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Porte D'entrée


Ed Ahern


Joan d’Arc


H.L. Dowless


Lord Dunsany



Karen Greenbaum-Maya


M.R. James


Mór Jókai


James Kendley

{without whom, this issue would not exist}

Brian Rihlmann


Walter Ruhlmann


Sean M. Spence


Townsend Walker


 ♠    ♣


Edward John Moreton Drax Plunkett,

18th Baron of Dunsany



Charon leaned forward and rowed. All things were one with his



It was not with him a matter of years or of centuries, but of wide

floods of time, and an old heaviness and a pain in the arms that had

become for him part of the scheme that the gods had made and was

of a piece with Eternity.


If the gods had even sent him a contrary wind it would have divided

all time in his memory into two equal slabs.


So grey were all things always where he was that if any radiance

lingered a moment among the dead, on the face of such a queen

perhaps as Cleopatra, his eyes could not have perceived it.


It was strange that the dead nowadays were coming in such numbers.

They were coming in thousands where they used to come in fifties. It

was neither Charon's duty nor his wont to ponder in his grey soul why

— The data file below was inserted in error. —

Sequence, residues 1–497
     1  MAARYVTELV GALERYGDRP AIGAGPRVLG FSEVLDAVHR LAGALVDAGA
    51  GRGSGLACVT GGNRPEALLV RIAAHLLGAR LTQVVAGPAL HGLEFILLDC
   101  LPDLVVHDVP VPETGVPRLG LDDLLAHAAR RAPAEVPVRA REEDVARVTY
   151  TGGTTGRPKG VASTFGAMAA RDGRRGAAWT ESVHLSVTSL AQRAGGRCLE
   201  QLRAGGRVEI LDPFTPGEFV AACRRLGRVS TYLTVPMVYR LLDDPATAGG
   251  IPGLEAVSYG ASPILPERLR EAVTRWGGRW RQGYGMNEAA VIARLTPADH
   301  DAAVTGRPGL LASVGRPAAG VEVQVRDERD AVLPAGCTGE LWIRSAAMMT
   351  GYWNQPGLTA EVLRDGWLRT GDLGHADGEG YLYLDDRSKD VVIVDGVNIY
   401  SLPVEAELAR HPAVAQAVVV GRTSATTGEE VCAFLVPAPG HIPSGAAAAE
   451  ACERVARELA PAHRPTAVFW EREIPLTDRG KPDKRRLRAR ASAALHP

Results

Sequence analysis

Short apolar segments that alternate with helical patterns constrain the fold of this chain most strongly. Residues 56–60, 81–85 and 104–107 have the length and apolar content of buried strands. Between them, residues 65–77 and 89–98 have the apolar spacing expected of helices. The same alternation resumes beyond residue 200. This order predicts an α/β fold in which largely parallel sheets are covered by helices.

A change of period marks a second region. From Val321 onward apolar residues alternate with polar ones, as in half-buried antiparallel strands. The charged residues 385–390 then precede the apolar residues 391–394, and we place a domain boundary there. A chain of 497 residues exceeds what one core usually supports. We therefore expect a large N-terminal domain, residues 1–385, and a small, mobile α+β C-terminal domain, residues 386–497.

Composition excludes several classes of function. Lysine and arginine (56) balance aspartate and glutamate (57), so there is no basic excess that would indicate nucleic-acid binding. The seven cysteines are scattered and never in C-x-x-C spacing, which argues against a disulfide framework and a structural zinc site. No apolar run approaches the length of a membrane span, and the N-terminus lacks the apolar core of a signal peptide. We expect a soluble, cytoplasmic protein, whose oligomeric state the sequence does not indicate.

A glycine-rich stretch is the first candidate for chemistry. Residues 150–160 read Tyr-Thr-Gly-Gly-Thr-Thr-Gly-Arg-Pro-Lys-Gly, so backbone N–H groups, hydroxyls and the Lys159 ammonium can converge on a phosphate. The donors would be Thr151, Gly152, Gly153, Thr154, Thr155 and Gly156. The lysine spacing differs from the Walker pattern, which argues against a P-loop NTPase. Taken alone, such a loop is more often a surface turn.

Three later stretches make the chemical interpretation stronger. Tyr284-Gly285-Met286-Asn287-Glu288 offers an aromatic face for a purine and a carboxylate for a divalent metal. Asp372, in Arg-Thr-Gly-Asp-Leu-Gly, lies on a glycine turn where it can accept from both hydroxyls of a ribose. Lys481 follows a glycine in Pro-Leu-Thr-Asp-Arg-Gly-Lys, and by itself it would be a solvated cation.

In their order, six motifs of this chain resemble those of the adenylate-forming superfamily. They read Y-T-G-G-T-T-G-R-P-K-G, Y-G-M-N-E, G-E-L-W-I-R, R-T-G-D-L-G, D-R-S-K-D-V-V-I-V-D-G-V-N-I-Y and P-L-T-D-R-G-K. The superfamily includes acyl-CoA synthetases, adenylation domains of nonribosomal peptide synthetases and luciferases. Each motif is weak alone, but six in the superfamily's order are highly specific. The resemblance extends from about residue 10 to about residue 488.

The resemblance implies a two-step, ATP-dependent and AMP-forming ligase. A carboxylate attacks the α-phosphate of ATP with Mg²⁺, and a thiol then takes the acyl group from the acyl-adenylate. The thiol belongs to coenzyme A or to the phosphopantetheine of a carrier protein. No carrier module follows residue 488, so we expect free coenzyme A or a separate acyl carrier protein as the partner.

these things might be. Charon leaned forward and rowed.


Then no one came for a while. It was not usual for the gods to send

no one down from Earth for such a space. But the gods knew best.


Then one man came alone. And the little shade sat shivering on a

lonely bench and the great boat pushed off. Only one passenger:

the gods knew best. And great and weary Charon rowed on and on

beside the little, silent, shivering ghost.


And the sound of the river was like a mighty sigh that Grief in the

beginning had sighed among her sisters, and that could not die like

the echoes of human sorrow failing on earthly hills, but was as old

as time and the pain in Charon's arms.


Then the boat from the slow, grey river loomed up to the coast of

Dis and the little, silent shade still shivering stepped ashore, and

Charon turned the boat to go wearily back to the world. Then the

little shadow spoke, that had been a man.


"I am the last," he said.


No one had ever made Charon smile before, no one before had ever

made him weep.



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